- Posterior Deltoids: During dumbbell rows, the rear deltoids (back shoulder muscles) assist the lats by driving the arm behind into shoulder extension.
- Biceps: Biceps are an accessory muscle in the dumbbell row that works with the primary back muscles. The biceps are responsible for elbow flexion as you pull the weight towards your torso.
Are you wondering what the differences between a bent-over row and an upright row are? Read our full guide on Bent-Over Row vs Upright Row.
Alternatives To Dumbbell Rows
Three alternatives to a single-arm dumbbell row include the:
Incline Dumbbell Row
The incline dumbbell row on a bench is a good row variation for those with back or hip pain. I like to do these on a 30° bench, but you can also do it on 15° and 45° benches.
I use these with clients struggling to get into a hip hinge position. Laying prone puts less stress on the lower back to stabilize the body, so all of the focus can be on the row itself. I still get a good pull through the lats on an incline bench because 30-45° is the ideal angle for a dumbbell row.
To do this, lay prone on a bench. Row the dumbbell towards your hip, keeping your elbow tight to your body.
Check out our article on the 9 Best Dumbbell Lat Exercises.
The seal row takes stress off the lower body because you are lying prone on a bench. This can be done with dumbbells, a barbell, and even a trap bar. My favorite variation is to use dumbbells because I can feel my lats working the most.
To do this, lay prone on an elevated bench. Drive the dumbbells to your hips while keeping your elbows tight and in line with your body. Ensure you do not hyperextend or bend through your lower back and body. Your arms will be the only body part that will move during the pull.
Pro Tip: If you do not have a seal row machine at your gym, place a bench on two boxes like I did in the image above.
You will find a machine row at almost every gym. The machines are ergonomically created, so you will still be hitting every major upper back muscle and the biceps with these.
I use machine rows with beginner and novice lifters so they can feel what proper form feels like with the assistance of the machine. For expert lifters, I can push them with weight on machine rows.
Sit down on the seat and keep your chest pinned to the padding. Drive your elbows back behind your body to do the row. Keep your elbows close to your body, and not let them point to the outside.
The T-Bar Row is a bilateral upper-back exercise. Read our full article on the 13 Best T-Bar Alternatives.
Benefits of Dumbbell Rows
The 3 main benefits of doing dumbbell rows are:
Dumbbell rows are a multi-joint compound movement that targets your upper back to strengthen you. Adding dumbbell rows to your workout routine will be the best exercise to promote muscle growth. You can adjust the volume to focus more on hypertrophy, strength gains, or toning.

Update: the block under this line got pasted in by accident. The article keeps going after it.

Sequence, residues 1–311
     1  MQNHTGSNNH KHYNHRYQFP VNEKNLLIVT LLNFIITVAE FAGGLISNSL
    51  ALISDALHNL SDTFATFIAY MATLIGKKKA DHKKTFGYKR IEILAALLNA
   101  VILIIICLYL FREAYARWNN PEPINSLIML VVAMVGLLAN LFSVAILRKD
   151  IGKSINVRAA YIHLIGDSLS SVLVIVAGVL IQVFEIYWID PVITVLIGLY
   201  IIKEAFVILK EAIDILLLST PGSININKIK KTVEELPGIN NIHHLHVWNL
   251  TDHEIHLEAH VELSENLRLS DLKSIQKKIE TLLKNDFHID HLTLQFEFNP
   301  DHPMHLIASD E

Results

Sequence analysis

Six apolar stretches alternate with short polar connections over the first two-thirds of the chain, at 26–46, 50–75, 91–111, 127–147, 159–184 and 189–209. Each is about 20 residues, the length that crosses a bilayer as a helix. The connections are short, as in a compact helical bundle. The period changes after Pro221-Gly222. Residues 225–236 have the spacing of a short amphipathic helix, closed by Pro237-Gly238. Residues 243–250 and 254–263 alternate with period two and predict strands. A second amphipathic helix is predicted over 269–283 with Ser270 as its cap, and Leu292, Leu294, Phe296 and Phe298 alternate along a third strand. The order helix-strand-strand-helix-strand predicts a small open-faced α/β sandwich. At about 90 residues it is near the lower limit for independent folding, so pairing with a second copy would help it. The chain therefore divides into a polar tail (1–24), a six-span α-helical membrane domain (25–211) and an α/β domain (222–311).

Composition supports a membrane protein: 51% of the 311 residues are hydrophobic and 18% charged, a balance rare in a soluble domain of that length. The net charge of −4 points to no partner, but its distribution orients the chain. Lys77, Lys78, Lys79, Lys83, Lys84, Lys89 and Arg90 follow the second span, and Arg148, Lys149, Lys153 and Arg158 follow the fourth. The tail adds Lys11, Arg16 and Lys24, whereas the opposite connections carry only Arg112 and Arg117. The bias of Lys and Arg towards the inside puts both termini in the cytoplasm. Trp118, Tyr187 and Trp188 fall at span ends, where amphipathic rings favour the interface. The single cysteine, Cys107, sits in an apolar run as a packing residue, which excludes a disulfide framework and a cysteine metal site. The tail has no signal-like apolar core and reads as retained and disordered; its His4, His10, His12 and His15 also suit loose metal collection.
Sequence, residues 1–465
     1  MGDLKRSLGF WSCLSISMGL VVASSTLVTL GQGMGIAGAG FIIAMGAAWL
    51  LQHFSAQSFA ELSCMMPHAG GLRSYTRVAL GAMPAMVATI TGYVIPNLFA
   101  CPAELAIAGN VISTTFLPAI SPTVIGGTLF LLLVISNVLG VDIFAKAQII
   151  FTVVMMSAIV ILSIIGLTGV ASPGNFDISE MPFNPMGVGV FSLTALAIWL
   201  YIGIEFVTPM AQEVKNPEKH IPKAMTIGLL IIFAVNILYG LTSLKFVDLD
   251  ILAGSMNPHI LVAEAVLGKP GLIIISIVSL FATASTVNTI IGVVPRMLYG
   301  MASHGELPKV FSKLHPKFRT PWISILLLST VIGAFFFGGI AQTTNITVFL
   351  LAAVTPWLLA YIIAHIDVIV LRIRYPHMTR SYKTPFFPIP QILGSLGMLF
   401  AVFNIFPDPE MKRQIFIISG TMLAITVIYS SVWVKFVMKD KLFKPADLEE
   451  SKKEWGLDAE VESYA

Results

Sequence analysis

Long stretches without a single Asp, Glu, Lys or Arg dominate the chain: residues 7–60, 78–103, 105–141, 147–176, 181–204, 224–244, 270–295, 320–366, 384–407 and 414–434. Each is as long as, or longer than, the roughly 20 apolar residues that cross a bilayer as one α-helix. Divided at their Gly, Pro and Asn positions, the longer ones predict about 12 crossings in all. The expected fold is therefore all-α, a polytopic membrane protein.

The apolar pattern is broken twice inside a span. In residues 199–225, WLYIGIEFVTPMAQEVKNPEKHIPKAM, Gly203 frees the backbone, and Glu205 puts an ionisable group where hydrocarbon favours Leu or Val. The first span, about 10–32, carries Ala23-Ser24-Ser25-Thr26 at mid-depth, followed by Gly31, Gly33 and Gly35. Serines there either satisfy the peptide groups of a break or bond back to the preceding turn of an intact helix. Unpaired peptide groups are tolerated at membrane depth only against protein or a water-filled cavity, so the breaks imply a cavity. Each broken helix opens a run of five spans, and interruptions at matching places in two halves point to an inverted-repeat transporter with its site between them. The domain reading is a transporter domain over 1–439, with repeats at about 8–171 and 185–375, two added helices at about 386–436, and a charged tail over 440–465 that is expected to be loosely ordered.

According to one study, multi-joint compound movements produced greater strength gains and cardiorespiratory fitness than single-joint exercises.
Dumbbell rows develop muscles that control the scapula, which translates to improved posture. Strengthening the upper back with dumbbell rows will keep your shoulder blades retracted and tucked back. Retracted shoulder blades help maintain proper posture to eliminate back pain.
I incorporate dumbbell rows into my athletes’ overhead workouts to improve their throwing performance. Strengthening the lats through dumbbell rows will create more velocity while throwing. The lats help slow down the arm in the late phases of throwing, so strengthening them with dumbbell rows can help prevent overuse injury.
According to this research study, shoulder impingement injuries can occur to throwing athletes when their muscles become fatigued and the humerus drifts away from the scapular plane. Strengthening the upper back and scapular muscles through dumbbell rows can help prevent injury to the throwing athlete.
Dumbbell rows help with stronger lifts overall. A strong and sturdy upper back is needed for powerlifting athletes during lifts like the bench press, squat, and deadlift.
What’s the best method to build muscle with dumbbell rows?
The best way to build muscle with dumbbell rows is to train for muscle hypertrophy. 3-5 sets of 8-12 reps will give you the best results for building muscle with dumbbell rows.
Should I go heavy on dumbbell rows?
You should go heavy on dumbbell rows, but always a weight you can handle. You never want to compromise form for weight, but lifting heavy on dumbbell rows will get you the gains you are looking for.
Should dumbbell rows be fast or slow?
Dumbbell rows should be slow and controlled. Slow eccentric lengthening during a dumbbell row will lead to even more muscle growth compared to doing dumbbell rows too fast.
Why can’t I feel my back during dumbbell rows?
If you can't feel your back during dumbbell rows, you might be pulling with your arms too much. If you row too high towards the chest, you use more biceps than back to row the weight. Set your scapula and row towards your hip to feel your back.
What’s the best angle for dumbbell rows?
The best angle for dumbbell rows is 30-45°. That can be achieved by laying prone on a bench set to that incline or hinging at the hips in a bent-over position so your torso is angled. This angle targets your lats the most because of their pull line during the movement.
About the Author
Jake Woodruff has an MS in Sports Medicine from the University of Pittsburgh. He is currently a strength and conditioning sports performance coach at a private Pittsburgh facility. He is a former college athlete and currently plays semi-pro soccer. You can connect with him on Instagram.